AB - Viral capsids are structurally constrained by interactions among the amino acids (AAs) of their constituent proteins. Therefore, epistasis is expected to evolve among physically interacting sites and to influence the rates of substitution. To study the evolution of epistasis, we focused on the major structural protein of the fX174 phage family by first reconstructing the ancestral protein sequences of 18 species using a Bayesian statistical framework. The inferred ancestral reconstruction differed at eight AAs, for a total of 256 possible ancestral haplotypes. For each ancestral haplotype and the extant species, we estimated, in silico, the distribution of free energies and epistasis of the capsid structure. We found that free energy has not significantly increased but epistasis has. We decomposed epistasis up to fifth order and found that higher-order epistasis sometimes compensates pairwise interactions making the free energy seem additive. The dN/dS ratio is low, suggesting strong purifying selection, and that structure is under stabilizing selection. We synthesized phages carrying ancestral haplotypes of the coat protein gene and measured their fitness experimentally. Our findings indicate that stabilizing mutations can have higher fitness, and that fitness optima do not necessarily coincide with energy minima.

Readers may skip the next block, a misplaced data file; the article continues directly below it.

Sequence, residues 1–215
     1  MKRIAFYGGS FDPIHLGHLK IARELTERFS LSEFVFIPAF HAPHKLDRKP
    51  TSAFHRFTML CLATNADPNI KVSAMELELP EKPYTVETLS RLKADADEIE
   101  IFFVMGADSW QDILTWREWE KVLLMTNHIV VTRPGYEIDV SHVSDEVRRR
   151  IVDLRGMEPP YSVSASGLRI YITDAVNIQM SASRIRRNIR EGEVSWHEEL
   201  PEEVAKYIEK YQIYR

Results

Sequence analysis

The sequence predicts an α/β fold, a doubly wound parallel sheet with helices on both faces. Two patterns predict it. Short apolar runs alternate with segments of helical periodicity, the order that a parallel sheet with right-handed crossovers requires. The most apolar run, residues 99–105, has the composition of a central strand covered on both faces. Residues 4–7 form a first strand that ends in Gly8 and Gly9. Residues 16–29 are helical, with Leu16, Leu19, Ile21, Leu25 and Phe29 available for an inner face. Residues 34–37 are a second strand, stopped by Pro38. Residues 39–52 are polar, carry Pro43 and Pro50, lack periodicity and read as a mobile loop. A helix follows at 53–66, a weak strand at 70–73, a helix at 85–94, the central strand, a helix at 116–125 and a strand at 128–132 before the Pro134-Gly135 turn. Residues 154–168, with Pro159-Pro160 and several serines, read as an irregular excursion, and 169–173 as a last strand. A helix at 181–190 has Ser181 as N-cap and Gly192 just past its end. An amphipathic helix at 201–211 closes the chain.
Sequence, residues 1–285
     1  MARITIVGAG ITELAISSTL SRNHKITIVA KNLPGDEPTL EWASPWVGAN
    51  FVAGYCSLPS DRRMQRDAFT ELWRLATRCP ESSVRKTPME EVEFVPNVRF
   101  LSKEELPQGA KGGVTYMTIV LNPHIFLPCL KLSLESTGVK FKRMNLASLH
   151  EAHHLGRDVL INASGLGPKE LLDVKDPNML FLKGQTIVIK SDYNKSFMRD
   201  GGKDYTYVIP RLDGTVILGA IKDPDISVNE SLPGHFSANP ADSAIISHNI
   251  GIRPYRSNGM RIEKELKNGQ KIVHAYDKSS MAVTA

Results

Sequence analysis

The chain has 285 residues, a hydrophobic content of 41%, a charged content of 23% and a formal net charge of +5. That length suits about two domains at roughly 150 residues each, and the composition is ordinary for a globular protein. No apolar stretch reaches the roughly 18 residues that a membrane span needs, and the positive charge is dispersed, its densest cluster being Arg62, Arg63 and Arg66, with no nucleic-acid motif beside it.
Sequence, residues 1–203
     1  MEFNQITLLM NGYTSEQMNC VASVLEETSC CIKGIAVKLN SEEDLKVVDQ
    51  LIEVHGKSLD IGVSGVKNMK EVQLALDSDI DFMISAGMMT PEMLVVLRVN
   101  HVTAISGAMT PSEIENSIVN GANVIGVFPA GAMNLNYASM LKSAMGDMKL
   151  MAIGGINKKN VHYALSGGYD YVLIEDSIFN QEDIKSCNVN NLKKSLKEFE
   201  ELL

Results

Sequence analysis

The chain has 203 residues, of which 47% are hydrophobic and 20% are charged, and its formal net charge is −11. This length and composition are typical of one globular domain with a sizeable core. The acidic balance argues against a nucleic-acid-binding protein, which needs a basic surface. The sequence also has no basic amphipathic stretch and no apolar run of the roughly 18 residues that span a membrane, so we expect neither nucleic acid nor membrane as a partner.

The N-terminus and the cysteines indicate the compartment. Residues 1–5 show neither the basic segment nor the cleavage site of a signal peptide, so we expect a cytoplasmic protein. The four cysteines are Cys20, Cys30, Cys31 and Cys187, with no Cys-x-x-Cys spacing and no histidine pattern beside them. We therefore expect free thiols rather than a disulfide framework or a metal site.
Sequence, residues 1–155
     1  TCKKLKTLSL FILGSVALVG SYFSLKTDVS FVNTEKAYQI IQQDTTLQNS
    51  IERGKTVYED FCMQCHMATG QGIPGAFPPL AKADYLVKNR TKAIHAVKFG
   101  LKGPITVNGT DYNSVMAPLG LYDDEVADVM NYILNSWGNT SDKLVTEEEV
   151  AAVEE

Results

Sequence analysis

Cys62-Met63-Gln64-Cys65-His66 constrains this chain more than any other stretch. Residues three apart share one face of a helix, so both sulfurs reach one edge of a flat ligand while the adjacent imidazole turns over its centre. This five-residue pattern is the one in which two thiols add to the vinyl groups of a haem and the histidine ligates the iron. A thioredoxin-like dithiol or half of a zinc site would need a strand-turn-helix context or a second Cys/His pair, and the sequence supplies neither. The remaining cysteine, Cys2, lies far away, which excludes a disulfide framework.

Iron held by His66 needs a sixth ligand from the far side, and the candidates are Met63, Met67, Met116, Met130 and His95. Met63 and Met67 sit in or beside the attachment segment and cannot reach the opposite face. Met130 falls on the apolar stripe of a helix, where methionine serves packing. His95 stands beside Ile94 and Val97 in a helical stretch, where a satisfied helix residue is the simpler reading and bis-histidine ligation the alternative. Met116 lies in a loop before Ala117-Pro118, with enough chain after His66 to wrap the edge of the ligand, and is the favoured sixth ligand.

AU - Fernandes Redondo, Rodrigo A
AU - Vladar, Harold
AU - Włodarski, Tomasz
AU - Bollback, Jonathan P
ID - 1077
IS - 126
JF - Journal of the Royal Society Interface
SN - 17425689
TI - Evolutionary interplay between structure, energy and epistasis in the coat protein of the fX174 phage family
VL - 14
ER -
TY - JOUR